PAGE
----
The findings are a part of a larger study the researchers are conducting to examine the accuracy of screening tests used in primary care and the factors related to physician screening for developmental delay.


Story Source:

The above story is based on materials provided by University of British Columbia. Note: Materials may be edited for content and length.


Journal Reference:

  1. Marjolaine M. Limbos, David P. Joyce. Comparison of the ASQ and PEDS in Screening for Developmental Delay in Children Presenting for Primary Care. Journal of Developmental & Behavioral Pediatrics, 2011; 1 DOI: 10.1097/DBP.0b013e31822552e9

Cite This Page:

University of British Columbia. "Quick, low-cost tests can accurately identify childhood developmental delays, study shows." ScienceDaily. ScienceDaily, 3 August 2011. <www.sciencedaily.com/releases/2011/08/110803092014.htm>.
University of British Columbia. (2011, August 3). Quick, low-cost tests can accurately identify childhood developmental delays, study shows. ScienceDaily. Retrieved February 27, 2015 from www.sciencedaily.com/releases/2011/08/110803092014.htm
University of British Columbia. "Quick, low-cost tests can accurately identify childhood developmental delays, study shows." ScienceDaily. www.sciencedaily.com/releases/2011/08/110803092014.htm (accessed February 27, 2015).

Share This


More From ScienceDaily



More Mind & Brain News

Friday, February 27, 2015

Featured Research

from universities, journals, and other organizations


Featured Videos

from AP, Reuters, AFP, and other news services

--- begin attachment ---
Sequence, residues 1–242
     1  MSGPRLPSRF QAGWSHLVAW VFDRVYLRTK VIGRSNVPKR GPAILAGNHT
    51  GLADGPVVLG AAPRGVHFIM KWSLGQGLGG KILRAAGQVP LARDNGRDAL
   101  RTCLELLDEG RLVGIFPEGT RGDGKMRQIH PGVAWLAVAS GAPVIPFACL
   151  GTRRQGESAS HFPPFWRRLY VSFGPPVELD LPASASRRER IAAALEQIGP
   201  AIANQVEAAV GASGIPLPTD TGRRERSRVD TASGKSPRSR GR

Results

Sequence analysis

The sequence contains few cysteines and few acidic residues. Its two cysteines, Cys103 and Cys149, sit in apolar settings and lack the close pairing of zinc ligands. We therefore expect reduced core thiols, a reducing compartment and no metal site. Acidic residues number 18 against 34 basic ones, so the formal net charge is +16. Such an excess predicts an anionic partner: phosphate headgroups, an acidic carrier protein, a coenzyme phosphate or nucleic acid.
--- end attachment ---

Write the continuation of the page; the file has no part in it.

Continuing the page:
Sleeping Too Much Or Too Little Might Increase Stroke Risk

Sleeping Too Much Or Too Little Might Increase Stroke Risk

Newsy (Feb. 26, 2015) People who sleep more than eight hours per night are 45 percent more likely to have a stroke, according to a University of Cambridge study. Video provided by Newsy
Powered by NewsLook.com
Mayor Says District of Columbia to Go Ahead With Pot Legalization

Mayor Says District of Columbia to Go Ahead With Pot Legalization

Reuters - News Video Online (Feb. 25, 2015) Washington&apos;s mayor says the District of Columbia will move forward with marijuana legalization, despite pushback from Congress. Rough Cut (no reporter narration). Video provided by Reuters
Powered by NewsLook.com
Marijuana Nowhere Near As Deadly As Alcohol: Study

Marijuana Nowhere Near As Deadly As Alcohol: Study

Newsy (Feb. 25, 2015) A new study says marijuana is about 114 times less deadly than alcohol. Video provided by Newsy
Powered by NewsLook.com
Researchers Replace Damaged Hands With Prostheses

Researchers Replace Damaged Hands With Prostheses

Newsy (Feb. 25, 2015) Scientists in Austria have been able to fit patients who&apos;ve lost the use of a hand with bionic prostheses the patients control with their minds. Video provided by Newsy
Powered by NewsLook.com

Search ScienceDaily

Number of stories in archives: 140,361

Find with keyword(s):
Enter a keyword or phrase to search ScienceDaily for related topics and research stories.

Save/Print:
Share:

Breaking News:

Strange & Offbeat Stories


Health & Medicine

Mind & Brain

Living & Well

In Other News

... from NewsDaily.com

Science News

Health News

Environment News

Technology News



Save/Print:
Share:

Free Subscriptions


Get the latest science news with ScienceDaily's free email newsletters, updated daily and weekly. Or view hourly updated newsfeeds in your RSS reader:

Get Social & Mobile


Keep up to date with the latest news from ScienceDaily via social networks and mobile apps:

Have Feedback?


Tell us what you think of ScienceDaily -- we welcome both positive and negative comments. Have any problems using the site? Questions?
Mobile: iPhone Android Web
Follow: Facebook Twitter Google+
Subscribe: RSS Feeds Email Newsletters
Latest Headlines Health & Medicine Mind & Brain Space & Time Matter & Energy Computers & Math Plants & Animals Earth & Climate Fossils & Ruins